2016-09-01 / News

STEM Academy new in Biddeford this year

By Ben Meiklejohn
Staff Writer

BIDDEFORD – With the school year about to start, Superintendent Jeremy Ray said Biddeford is leading the way on a number of initiatives. As the first school district in Maine to establish a standalone middle grade level STEM Academy, Ray said Biddeford Schools are working to better prepare its students for the best career opportunities.

The academy, which will begin its first year this year, received more than 100 applications for 60 student openings.

Ray said the students who were accepted have already begun working on projects in anticipation of the school year.

“Students were at work right upon acceptance. They’re pretty excited,” he said.

In addition, Ray said the district is increasing STEM learning activities at the primary and intermediate schools.

“We’re making concerted efforts to make sure kids will have hands-on experience weekly at the primary school and every day at the intermediate school,” he said. “Typically across the nation, kids around middle school ages start to make decisions about where they’re going to go and around middle school, (interest in science) starts to fall away … This is an opportunity here. We know what a lot of our job demand is for kids when they graduate high school.”

“There will be extra training (for teachers), but just a real commitment and focus to make sure that our kids don’t have science move off to the wayside. We feel passionate that having kids involved with hands-on science will foster a love for it.”

Ray said the district will develop three pathways for its students to pursue. STEM is one of the three pathways, and the other two will be determined by the community through strategic planning.

“There’s a big call for creating kids who are college and career ready and we need to look at pathways and approaches that make them successful no matter what pathway they take,” he added.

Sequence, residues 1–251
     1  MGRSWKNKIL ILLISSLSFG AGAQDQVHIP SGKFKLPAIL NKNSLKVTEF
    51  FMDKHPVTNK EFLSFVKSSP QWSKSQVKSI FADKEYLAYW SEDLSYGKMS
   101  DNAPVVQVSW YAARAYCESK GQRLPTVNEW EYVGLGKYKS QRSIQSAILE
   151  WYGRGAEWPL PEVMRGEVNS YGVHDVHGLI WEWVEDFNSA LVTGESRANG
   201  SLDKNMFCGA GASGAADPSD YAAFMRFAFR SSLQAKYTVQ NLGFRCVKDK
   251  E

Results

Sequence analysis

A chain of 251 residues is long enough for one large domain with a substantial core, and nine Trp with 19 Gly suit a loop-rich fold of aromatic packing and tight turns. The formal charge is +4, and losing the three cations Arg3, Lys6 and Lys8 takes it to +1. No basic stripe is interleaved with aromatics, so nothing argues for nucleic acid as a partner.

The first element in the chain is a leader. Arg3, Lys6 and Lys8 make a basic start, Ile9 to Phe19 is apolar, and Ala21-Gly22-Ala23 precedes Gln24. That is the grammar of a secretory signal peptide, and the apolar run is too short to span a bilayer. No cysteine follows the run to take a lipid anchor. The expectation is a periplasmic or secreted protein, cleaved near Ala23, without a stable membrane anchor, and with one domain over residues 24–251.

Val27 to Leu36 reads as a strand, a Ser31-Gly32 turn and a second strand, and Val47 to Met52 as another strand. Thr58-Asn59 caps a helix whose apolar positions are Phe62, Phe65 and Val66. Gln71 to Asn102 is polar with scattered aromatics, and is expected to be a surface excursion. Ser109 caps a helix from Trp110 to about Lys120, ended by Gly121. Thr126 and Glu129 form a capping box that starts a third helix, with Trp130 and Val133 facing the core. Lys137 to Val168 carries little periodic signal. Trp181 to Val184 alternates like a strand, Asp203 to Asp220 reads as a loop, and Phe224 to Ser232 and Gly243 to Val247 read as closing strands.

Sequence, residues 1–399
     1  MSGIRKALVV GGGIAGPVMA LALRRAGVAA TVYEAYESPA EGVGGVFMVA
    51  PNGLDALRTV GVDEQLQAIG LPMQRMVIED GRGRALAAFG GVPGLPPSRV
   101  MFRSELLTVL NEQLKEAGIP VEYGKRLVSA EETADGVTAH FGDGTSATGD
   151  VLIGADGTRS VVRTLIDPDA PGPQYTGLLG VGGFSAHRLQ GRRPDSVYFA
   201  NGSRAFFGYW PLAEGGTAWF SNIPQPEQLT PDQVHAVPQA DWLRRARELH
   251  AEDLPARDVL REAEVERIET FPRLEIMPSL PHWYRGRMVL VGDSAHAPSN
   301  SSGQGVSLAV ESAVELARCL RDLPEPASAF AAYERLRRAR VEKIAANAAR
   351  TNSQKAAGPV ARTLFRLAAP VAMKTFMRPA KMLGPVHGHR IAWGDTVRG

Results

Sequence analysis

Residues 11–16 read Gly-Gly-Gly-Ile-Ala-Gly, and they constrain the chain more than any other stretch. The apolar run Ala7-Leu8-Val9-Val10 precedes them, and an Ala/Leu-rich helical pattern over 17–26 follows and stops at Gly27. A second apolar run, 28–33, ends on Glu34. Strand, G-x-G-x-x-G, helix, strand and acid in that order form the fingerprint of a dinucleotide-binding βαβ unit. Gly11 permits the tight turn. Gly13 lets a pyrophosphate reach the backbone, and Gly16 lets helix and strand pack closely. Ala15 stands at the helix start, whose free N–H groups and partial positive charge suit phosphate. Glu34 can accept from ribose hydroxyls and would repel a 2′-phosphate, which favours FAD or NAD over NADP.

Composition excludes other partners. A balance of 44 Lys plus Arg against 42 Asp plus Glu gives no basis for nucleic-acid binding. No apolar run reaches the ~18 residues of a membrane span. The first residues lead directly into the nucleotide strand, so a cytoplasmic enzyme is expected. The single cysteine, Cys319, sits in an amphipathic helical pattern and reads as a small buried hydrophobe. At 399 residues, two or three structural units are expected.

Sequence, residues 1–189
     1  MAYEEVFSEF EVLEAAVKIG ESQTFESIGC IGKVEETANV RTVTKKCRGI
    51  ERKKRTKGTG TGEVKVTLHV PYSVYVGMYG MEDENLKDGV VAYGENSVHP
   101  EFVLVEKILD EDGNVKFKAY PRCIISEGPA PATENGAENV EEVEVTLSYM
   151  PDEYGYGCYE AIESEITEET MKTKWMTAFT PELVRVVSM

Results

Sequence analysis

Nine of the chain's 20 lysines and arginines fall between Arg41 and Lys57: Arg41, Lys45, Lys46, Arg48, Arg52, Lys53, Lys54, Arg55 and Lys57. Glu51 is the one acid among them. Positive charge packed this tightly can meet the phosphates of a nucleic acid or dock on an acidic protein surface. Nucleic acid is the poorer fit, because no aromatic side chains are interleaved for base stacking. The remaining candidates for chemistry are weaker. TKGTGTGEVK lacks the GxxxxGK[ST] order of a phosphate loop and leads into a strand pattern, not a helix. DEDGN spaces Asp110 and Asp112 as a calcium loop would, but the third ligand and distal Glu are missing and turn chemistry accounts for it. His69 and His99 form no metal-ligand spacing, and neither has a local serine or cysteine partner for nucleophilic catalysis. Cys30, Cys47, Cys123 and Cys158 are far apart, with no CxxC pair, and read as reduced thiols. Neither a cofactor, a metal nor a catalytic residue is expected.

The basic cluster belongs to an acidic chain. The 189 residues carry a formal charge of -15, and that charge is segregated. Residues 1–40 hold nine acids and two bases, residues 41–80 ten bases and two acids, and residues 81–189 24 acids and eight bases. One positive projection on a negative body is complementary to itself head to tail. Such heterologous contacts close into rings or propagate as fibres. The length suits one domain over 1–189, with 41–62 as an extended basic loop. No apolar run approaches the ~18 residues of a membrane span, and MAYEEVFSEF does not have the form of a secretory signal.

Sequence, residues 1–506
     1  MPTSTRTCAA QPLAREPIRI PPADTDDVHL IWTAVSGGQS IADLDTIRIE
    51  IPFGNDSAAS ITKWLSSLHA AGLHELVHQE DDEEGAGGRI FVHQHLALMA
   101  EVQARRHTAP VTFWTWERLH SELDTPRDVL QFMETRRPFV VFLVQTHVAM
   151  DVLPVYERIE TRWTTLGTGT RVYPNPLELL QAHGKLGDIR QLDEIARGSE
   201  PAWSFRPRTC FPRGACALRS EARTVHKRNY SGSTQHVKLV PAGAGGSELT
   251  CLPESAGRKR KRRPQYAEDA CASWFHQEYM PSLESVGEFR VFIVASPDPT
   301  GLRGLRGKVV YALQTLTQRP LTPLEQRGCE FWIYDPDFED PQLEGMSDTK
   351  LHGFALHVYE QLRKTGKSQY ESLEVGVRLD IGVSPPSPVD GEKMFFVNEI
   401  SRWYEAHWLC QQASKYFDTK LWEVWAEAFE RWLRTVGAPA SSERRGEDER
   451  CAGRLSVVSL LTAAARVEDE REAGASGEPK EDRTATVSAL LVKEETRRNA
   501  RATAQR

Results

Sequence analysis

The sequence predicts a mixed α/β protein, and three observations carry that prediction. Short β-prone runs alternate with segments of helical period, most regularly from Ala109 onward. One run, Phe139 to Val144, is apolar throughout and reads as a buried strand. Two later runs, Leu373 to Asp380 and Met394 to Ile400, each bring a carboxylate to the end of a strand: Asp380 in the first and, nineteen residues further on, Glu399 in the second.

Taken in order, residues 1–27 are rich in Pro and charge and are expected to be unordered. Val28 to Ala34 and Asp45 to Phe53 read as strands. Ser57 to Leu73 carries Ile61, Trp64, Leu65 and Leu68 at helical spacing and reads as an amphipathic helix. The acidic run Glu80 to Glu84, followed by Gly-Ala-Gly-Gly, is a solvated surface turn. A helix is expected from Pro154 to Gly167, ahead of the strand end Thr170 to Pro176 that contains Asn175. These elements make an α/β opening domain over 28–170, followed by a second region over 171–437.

The Biddeford Regional Center of Technology will implement a new plumbing program this year, with help from a grant from the Maine Attorney General’s Office.

“If you look at all of the trades, anybody doing construction, we know there’s always a demand,” Ray said.

Another first that Biddeford is leading the way in, Ray said, is the move to later start times for high schools and middle schools. After a lengthy community process held last year, Biddeford High School, Thornton Academy and Old Orchard Beach High School all chose to move their school start times to a later time to accommodate research that shows that adolescents need more sleep and learn better later in the day.

“We’re the only three high schools (in Maine) that meet the recommendations for the (Center for Disease Control),” he said

In terms of facilities and grade organization, Ray said the district will continue this year with the “status quo,” but community conversations will need to be held to review the future for John F. Kennedy Memorial School.

“We got to continue to look at the structure of JFK and figure out what we’re going to do with this as a school and as a facility,” he said. “The school committee is looking at this through its strategic planning process.”